2. Do your best. Work hard, play hard, get enough sleep.

3. Talk to people—really talk to them. Set your phone aside; then don’t look at it. Look at the people who are with you. And listen to them. Be in communion with them.

4. Make each day your masterpiece. (I love this one; I’m stealing it, friends!) If it’s cold out (it’s been cold out, right?!), bundle up and make the most of it. EMBRACE LIFE. There are no do-overs, girls.

5. Count your blessings.

A quote I’ve always liked—and I’ve probably shared it before—is Willie Nelson’s: “When I started counting my blessings, my whole life turned around.” You forgot something. You got bad news. Things aren’t perfect. Yet…

You have so much. You have so much, girls. You have so much, friends.

It can be difficult, though, to feel grateful. For me personally, there have been times in my life when I’ve been down. I can’t know for sure, because I never spoke to anyone professionally, but I’m fairly certain there were times when I was depressed.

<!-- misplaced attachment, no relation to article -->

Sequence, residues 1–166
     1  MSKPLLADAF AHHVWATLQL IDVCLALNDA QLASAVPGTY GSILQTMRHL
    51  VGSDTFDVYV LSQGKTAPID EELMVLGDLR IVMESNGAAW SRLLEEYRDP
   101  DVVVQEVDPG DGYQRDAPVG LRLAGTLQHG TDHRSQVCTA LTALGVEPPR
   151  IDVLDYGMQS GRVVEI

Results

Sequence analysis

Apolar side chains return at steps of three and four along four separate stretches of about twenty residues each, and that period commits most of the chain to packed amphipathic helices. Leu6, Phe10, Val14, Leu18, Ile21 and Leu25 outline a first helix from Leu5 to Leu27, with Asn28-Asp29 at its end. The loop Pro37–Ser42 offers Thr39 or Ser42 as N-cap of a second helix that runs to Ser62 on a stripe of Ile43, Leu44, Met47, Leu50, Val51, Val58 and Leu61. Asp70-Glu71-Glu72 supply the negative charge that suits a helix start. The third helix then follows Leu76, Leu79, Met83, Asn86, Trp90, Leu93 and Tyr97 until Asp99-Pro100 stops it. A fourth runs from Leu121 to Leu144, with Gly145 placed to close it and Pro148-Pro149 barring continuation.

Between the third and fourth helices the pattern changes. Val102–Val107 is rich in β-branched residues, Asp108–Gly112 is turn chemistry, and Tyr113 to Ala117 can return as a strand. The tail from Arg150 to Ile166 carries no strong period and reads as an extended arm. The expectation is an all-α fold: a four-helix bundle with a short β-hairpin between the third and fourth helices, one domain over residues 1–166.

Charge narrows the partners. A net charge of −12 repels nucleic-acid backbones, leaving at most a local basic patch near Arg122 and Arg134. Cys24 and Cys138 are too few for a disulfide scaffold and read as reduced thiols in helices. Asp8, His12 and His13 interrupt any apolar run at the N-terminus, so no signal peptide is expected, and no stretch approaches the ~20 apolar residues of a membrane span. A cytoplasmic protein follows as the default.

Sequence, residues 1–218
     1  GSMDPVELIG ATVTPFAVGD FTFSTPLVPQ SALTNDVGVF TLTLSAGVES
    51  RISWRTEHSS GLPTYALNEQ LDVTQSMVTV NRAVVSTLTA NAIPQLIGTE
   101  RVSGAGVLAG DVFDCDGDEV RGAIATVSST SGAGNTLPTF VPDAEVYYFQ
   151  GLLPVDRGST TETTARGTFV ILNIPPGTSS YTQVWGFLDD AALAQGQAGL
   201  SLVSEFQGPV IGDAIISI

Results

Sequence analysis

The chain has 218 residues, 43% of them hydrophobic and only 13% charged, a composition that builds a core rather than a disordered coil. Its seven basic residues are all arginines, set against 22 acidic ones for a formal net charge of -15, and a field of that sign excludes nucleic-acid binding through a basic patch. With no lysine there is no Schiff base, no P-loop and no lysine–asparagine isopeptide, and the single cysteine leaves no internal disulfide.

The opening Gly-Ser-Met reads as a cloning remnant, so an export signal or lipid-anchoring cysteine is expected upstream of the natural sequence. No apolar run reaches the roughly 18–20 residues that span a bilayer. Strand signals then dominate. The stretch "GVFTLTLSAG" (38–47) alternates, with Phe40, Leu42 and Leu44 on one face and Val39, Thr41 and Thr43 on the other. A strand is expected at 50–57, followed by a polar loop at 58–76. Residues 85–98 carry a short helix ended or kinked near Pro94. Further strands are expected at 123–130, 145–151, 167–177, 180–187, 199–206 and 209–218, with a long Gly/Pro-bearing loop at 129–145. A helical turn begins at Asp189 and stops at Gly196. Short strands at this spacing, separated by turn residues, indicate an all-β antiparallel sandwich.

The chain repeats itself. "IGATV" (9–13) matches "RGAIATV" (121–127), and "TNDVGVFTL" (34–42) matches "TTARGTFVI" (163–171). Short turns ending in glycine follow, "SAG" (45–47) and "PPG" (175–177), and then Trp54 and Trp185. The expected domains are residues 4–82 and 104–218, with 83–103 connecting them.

Even during those difficult times—which I’m so thankful to have walked through and have left behind—I had moments of clarity when I knew, consciously, that life is good. I struggled with counting my blessings, so I tried to “be a blessing,” so to speak, to others. I tried to be kind to the people around me. I tried to write stories that would make people smile, or laugh, or feel uplifted.

As it turns out, blessing others with kindness can help turn your life around too. At least, it turned out this way for me.

When you’re raising a child, you have empathy for those who are doing the same. There’s a kinship, a kindness, a respect.